What Happened: Shanghai, the center of Chinese finance and trade, is fighting the highly infectious Omicron BA.2 variant. As part of its continued zero-COVID policy, authorities have implemented a severe two-phase lockdown, which brought the city of 26 million residents to a standstill. Public transportation has been restricted and various roads blocked, while residents were mass tested for the coronavirus.
As of Tuesday, April 5, Shanghai reported more than 13,000 daily Covid cases for the first time, increasing the national total to 16,412 local infections for Monday, the highest one-day figure recorded in the world’s second-largest economy during the pandemic.
During the initial phase, residents of east Shanghai were forced to remain in one place which has again had radical implications for workers, residents especially elderly Shanghainese, and, of course, global luxury’s logistics and supply chains. Labor shortages are only part of the problem: disruptions in shipments and cargo have been a significant effect of the strict COVID-19 rules. With neighboring cities moderating the transit of road freight arriving from Shanghai, truckers face numerous difficulties in delivering their shipments.
The Jing Take: China was the COVID-19 poster child, the superpower that showed the world it knew exactly what to do in the face of this crisis. Given its vast population, it prioritized a strategy based on shielding and stringent lockdowns. Unlike in the West, where governments are opening up, it’s evident that China won’t U-turn from its zero-COVID policy — even under duress.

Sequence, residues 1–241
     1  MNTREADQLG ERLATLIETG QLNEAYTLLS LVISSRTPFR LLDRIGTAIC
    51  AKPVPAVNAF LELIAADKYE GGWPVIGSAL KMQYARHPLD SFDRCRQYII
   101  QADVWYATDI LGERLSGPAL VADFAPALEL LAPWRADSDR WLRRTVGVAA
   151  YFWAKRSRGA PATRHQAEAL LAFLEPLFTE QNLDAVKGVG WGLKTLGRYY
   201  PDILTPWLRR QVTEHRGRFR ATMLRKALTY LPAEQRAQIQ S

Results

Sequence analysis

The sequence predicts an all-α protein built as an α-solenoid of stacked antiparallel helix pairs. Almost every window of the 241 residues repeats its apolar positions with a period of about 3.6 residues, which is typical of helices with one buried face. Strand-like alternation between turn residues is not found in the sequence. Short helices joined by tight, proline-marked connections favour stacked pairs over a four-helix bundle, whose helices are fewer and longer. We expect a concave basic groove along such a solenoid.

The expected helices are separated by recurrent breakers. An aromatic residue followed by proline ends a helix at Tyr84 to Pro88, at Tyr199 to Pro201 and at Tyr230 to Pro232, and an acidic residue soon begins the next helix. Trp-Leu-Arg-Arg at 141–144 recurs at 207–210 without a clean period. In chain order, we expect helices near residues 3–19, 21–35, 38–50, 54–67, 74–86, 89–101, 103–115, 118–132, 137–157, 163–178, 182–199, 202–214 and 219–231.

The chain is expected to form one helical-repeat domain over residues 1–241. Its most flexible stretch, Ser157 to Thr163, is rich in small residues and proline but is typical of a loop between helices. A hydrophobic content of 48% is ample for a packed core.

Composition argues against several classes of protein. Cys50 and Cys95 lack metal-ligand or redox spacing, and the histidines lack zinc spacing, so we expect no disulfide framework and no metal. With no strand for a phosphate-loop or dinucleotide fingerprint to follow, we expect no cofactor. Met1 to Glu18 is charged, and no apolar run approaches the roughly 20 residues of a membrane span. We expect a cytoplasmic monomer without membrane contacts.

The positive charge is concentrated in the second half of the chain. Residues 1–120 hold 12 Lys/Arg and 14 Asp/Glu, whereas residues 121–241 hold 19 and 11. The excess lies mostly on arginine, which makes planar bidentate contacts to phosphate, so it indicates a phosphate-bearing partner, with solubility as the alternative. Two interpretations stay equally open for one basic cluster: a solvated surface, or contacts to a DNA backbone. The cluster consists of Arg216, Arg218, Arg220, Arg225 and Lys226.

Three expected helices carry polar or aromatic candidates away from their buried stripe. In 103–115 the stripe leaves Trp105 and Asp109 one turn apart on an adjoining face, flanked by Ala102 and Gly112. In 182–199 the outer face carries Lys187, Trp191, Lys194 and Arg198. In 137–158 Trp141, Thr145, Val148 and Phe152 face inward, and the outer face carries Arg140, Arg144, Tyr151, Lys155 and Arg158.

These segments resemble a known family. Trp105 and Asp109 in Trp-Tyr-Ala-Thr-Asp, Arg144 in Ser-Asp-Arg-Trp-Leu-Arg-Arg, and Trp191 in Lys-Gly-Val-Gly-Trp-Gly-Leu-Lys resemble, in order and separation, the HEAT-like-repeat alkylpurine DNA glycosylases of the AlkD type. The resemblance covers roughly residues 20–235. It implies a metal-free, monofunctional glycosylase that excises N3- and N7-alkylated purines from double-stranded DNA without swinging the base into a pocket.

However, a high mortality rate now would question all previous efforts. It would also empower the mainland’s critics — just before the 20th National Congress of the Chinese Communist Party (in late 2022).
Until Beijing gets vaccination rates up amongst the elderly, the country is expected to hold the line and continue with its unwavering zero-COVID strategy; right now, Shanghai is trying to boost vaccination rates in the older population through a system of financial incentives or retail coupons.
Workers quarantining, stores and logistics upended, the knock-on effects on companies sourcing and manufacturing in China could well be detrimental. As China continues its current strategy, which will affect both its domestic economy and overall global recovery, it’s putting citizens — rather than economics — at the heart of its recovery plan.
The Jing Take reports on a piece of the leading news and presents our editorial team’s analysis of the key implications for the luxury industry. In the recurring column, we analyze everything from product drops and mergers to heated debate sprouting on Chinese social media.